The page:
that would transport up to 830,000 barrels per day (bpd) of tar 
sands crude oil almost 2,000 miles from Alberta, Canada to 
refineries in the Gulf Coast.\1\ Under existing law, 
transboundary pipeline projects require Presidential approval 
to proceed. The President has delegated the authority to permit 
transboundary pipeline projects to the State Department under 
Executive Orders 11423 and 13337, which require a finding that 
a project is in the national interest.\2\ Pursuant to the 
National Environmental Policy Act, in considering a project, 
the State Department must prepare an environmental impact 
statement (EIS) assessing the project's impacts on the 
environment and evaluating alternatives that would avoid or 
minimize adverse environmental effects.\3\ E.O. 13337 
recognizes that these complex decisions involve matters within 
the expertise of multiple federal agencies, and it provides 
specified federal agencies 90 days to comment on the 
application.\4\
---------------------------------------------------------------------------
    \1\TransCanada Keystone Pipeline, L.P., Application of TransCanada 
Keystone Pipeline, L.P. for a Presidential Permit Authorizing the 
Construction, Operation, and Maintenance of Pipeline Facilities for the 
Importation of Crude Oil to be Located at the United-States-Canada 
Border, 7-9 (Sept. 19, 2008); U.S. Department of State, Supplemental 
Draft Environmental Impact Statement, Keystone XL Project, Applicant 
for Presidential Permit: TransCanada Keystone Pipeline, LP, 1-5 (Apr. 
22, 2011).
    \2\Exec. Order No. 11423, 33 Fed. Reg. 11741 (Aug. 16, 1968); Exec. 
Order No. 13337, 69 Fed. Reg. 25299 (Apr. 30, 2004).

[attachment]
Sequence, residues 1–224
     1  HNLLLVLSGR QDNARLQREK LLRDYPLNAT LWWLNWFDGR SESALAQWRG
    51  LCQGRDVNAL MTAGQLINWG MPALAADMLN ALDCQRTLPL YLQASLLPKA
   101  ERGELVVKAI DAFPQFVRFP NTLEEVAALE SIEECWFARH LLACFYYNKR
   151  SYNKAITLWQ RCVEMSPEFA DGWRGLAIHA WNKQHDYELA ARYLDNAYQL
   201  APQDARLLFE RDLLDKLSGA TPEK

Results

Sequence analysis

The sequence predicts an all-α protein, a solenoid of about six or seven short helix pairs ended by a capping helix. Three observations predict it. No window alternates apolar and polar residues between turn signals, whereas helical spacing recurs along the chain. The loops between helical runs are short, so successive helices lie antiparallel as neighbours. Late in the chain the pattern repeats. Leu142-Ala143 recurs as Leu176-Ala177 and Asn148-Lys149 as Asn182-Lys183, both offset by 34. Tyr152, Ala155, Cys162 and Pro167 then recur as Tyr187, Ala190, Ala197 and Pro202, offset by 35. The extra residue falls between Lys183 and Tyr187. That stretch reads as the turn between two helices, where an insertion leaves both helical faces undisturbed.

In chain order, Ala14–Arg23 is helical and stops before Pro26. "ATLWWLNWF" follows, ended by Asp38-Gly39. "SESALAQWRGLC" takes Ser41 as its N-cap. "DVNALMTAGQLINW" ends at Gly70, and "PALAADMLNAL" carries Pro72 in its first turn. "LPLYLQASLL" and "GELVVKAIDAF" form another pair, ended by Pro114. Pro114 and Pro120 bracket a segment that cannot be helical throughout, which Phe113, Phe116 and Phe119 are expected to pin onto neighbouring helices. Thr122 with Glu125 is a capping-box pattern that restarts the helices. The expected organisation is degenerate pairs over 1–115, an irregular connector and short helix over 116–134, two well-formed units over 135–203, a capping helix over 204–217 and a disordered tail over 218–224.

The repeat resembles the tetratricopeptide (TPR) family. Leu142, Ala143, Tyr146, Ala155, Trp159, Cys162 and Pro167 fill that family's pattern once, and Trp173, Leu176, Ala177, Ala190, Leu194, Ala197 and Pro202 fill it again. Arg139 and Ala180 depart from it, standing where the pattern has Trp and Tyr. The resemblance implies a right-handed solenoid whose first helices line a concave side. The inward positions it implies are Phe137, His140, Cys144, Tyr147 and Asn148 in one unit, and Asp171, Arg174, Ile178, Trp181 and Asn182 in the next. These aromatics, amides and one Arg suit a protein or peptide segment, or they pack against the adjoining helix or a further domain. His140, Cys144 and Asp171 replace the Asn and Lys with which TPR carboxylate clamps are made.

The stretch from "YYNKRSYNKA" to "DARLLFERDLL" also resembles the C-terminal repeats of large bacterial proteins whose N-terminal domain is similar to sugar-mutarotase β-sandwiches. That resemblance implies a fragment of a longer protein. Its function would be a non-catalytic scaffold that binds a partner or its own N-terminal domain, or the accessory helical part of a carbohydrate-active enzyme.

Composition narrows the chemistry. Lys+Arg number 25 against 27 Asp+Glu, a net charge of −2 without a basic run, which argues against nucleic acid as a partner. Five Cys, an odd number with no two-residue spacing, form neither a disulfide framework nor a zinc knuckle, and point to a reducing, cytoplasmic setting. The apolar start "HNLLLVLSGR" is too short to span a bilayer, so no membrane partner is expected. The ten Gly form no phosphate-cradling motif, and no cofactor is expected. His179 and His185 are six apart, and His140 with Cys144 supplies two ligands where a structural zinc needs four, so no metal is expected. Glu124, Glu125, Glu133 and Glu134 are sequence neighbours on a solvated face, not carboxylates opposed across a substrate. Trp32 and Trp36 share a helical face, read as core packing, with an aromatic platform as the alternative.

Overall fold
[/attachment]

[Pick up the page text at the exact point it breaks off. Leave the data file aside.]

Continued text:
\3\National Environmental Policy Act of 1969, Pub. L. No. 94-83.
    \4\Exec. Order No. 13337, Sec. 1(c), 69 Fed. Reg. 25299 (Apr. 30, 
2004).
---------------------------------------------------------------------------
    The Department of State published a draft EIS on April 16, 
2010, for public comment. Pursuant to NEPA, EPA, DOE, and other 
federal agencies commented on the draft EIS, and there were 
also extensive public comments. EPA reviewed the adequacy of 
the draft EIS and rated the draft as ``Category 3--Inadequate 
Information,'' which is the lowest rating possible.\5\ In 
response, the State Department published a supplemental draft 
EIS (SDEIS) on April 22, 2011, providing additional information 
and analysis on various aspects of the project.\6\ The comment 
period ended on June 6, 2011.
---------------------------------------------------------------------------
    \5\Letter from Cynthia Giles, Assistant Administrator for 
Enforcement and Compliance Assurance, U.S. Environmental Protection 
Agency, to Jose W. Fernandez, Assistant Secretary, Economic, Energy and 
Business Affairs, U.S. Department of State and Dr. Kerri-Ann Jones, 
Assistant Secretary, Oceans and International Environmental and 
Scientific Affairs, U.S. Department of State (Jul. 16, 2010).
    \6\U.S. Department of State, Notice of Availability of the Draft 
Environmental Impact Statement for the Proposed TransCanada Keystone XL 
Pipeline Project, 75 Fed. Reg. 20653 (Apr. 16, 2010); U.S. Department 
of State, Notice of Availability of the Supplemental Draft 
Environmental Impact Statement for the Proposed TransCanada Keystone XL 
Pipeline Project, 76 Fed. Reg. 22744 (Apr. 22, 2011).
---------------------------------------------------------------------------
    Subsequently, on August 26, 2011, the State Department 
issued a final EIS.\7\ At that time, the State Department 
planned on a 90-day review period in which it would consult 
with other federal agencies to determine if issuing a permit 
for the project is in the national interest.\8\ The public was 
also invited to submit comments on the national interest 
determination during the first 30 days of that period.\9\
---------------------------------------------------------------------------
    \7\U.S. Department of State, Final Environmental Impact Statement 
Fact Sheet (Aug. 26, 2011); U.S. Department of State, Final 
Environmental Impact Statement for the Proposed Keystone XL Project; 
Public Meetings, 76 Fed. Reg. 53525 (Aug. 26, 2011); U.S. Department of 
State, Notice of Availability of the Final Environmental Impact 
Statement for the Proposed Keystone XL Project, 76 Fed. Reg. 55155 
(Sept. 6, 2011).
    \8\U.S. Department of State, Supplemental Draft Environmental 
Impact Statement, Keystone XL Project, Applicant for Presidential 
Permit: TransCanada Keystone Pipeline, LP at ES-4 (Apr. 22, 2011) 
(hereinafter ``SDEIS'').